Category Archives: Matt Dunne

The Chittenden Trap

One of the top items on the Vermont Democratic Party’s to-do list is a makeover of its relationship with the Progressive Party. Nothing drastic, just some overdue maintenance. The core issue: how to deal with Progs running as Dems — and, in some cases, running as Dems and then re-entering the fray as Progs after losing a Democratic primary.

But I would argue that another issue might be more urgent: the party’s increasingly Chittenden-centric orientation.

Writing this post was in the works before today’s news that Rep. Mitzi Johnson has edged out Rep. Sarah Copeland-Hanzas to be the next Speaker of the House. Now, it seems even more pertinent. The leaders of both houses will come from Chittenden County’s sphere of influence: Johnson from South Hero (basically a bedroom community for Burlington), Senate President Pro Tem Tim Ashe from Chittenden County. And the three members of the Senate’s Committee on Committees all being from Chittenden.

When I say “Chittenden County,” I define it broadly; from the southern half of the Champlain Islands down to Shelburne at least, and southwestward to Richmond if not Waterbury.

Chittenden County itself accounts for one-fourth of Vermont’s population. Its Senate delegation is twice as large as the next biggest county — and in fact, based purely on population, it ought to have one more Senator. (And will certainly get at least one more after the 2020 Census.)

Beyond the mere numbers, Chittenden is home turf for the Democratic Party’s urban-ish, tech-oriented core. And its donor base.

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Sue Minter did worse than I thought

This week’s certification of the state election results brought a popular headline: Bernie Sanders drew more than 18,000 write-in votes for president.

On the one hand, impressive. On the other, that and a buck-fifty will buy you a cup of coffee. It provided some warm fee-fees to Bernie loyalists, and in Vermont it was a no-risk move since there was no way Hillary Clinton was going to lose Vermont. (As for those who voted for Bernie or Jill Stein or Vermin Supreme in the states that were close, well, thanks for helping elect President Trump.)

But there is one significant implication of Bernie’s write-in total, and it has to do with the gubernatorial candidacy of Sue Minter.

In the immediate aftermath of the election, I theorized that the long, expensive campaign had had little impact — that Phil Scott entered as the favorite and exited the same.

Now, I’m seriously rethinking that notion.

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On the VPR Poll

Must have been some soiled britches at VTGOP headquarters when the news came out: a new poll shows the race for governor is a statistical dead heat.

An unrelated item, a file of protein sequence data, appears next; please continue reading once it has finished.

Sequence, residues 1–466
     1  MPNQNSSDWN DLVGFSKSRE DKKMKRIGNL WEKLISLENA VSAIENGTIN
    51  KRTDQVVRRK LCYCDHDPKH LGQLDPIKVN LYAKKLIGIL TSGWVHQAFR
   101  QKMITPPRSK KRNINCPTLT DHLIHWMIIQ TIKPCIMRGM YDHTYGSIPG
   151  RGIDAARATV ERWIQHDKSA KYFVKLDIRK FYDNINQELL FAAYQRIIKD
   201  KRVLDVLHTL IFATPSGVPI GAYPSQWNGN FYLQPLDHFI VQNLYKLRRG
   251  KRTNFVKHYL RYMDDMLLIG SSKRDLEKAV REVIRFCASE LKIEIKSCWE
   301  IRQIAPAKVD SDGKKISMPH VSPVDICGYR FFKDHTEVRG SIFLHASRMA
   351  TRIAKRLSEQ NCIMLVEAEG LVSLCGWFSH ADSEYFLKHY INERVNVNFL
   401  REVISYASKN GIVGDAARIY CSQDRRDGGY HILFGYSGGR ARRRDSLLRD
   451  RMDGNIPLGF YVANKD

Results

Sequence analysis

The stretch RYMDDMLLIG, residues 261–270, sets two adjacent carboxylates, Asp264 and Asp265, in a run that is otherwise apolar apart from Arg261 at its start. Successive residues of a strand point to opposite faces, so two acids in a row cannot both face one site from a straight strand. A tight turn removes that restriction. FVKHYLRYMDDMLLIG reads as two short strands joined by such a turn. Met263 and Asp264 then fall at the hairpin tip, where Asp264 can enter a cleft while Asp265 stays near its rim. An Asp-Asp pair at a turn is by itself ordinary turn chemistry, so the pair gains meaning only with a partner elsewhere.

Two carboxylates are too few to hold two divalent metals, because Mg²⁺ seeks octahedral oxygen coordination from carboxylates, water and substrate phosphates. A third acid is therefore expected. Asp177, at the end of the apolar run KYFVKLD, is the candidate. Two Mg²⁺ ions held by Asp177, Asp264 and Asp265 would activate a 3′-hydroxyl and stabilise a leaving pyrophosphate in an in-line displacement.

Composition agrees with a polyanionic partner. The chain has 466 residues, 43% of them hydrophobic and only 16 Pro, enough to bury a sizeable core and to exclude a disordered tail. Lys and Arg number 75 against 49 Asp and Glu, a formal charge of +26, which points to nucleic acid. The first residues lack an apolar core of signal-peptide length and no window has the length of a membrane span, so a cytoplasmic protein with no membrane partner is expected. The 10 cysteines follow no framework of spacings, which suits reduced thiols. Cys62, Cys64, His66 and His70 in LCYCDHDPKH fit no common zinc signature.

If it’s accurate, of course. Usual caveats apply. Doesn’t help that this is the only pre-election poll we’re going to get, since VPR is the only media organization putting up money for surveys this year.

But for the sake of argument, let’s assume it’s reasonably on target.

There were reasons to believe the race would be close, but the almost universal assumption (me included) was that Phil Scott was the front-runner because of his name recognition, his inoffensive image, and Vermonters’ presumed post-Shumlin fatigue with liberal policymaking. Minter, by comparison, was known (to the extent she was known at all) mainly as a Shumlin underling, which meant she would struggle to create a profile of her own.

Instead, here we are, with Scott at 39 percent, Minter at 38, and a rather surprising 14 percent undecided.

So why is this race so close? Assuming, again, that the poll is accurate.

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Phil Scott’s magical population boom

Throughout his campaign for governor, Phil Scott has tossed out the notion that Vermont’s population must grow. He offers an ambitious target: a total population of 700,000 within 15 years. That’s roughly 75,000 more people.

Which is ridiculous, impossible, absurd. But that won’t stop him from saying it.

(Matt Dunne said the same thing in the primary race; it was just as ridiculous coming from him.)

Let’s start with the fact that he’s swimming against very powerful national tides. America’s population has been growing in southern and western sectors, and staying the same or shrinking in the midwest and northeast. There are a number of reasons for this, among them being climate, natural resources, and far greater immigration in the south and west.

Now, a couple of points made by VTDigger’s Jon Margolis in an essay posted earlier this year. For starters, there’s the fact that such growth is unprecedented without a tangible underlying cause:

States experience that kind of growth only after a discovery of natural resources (such as the California Gold Rush of 1849 or North Dakota’s Bakken Shield oil and gas in 2006) or when the federal government decides to invest billions in military, aerospace or energy projects.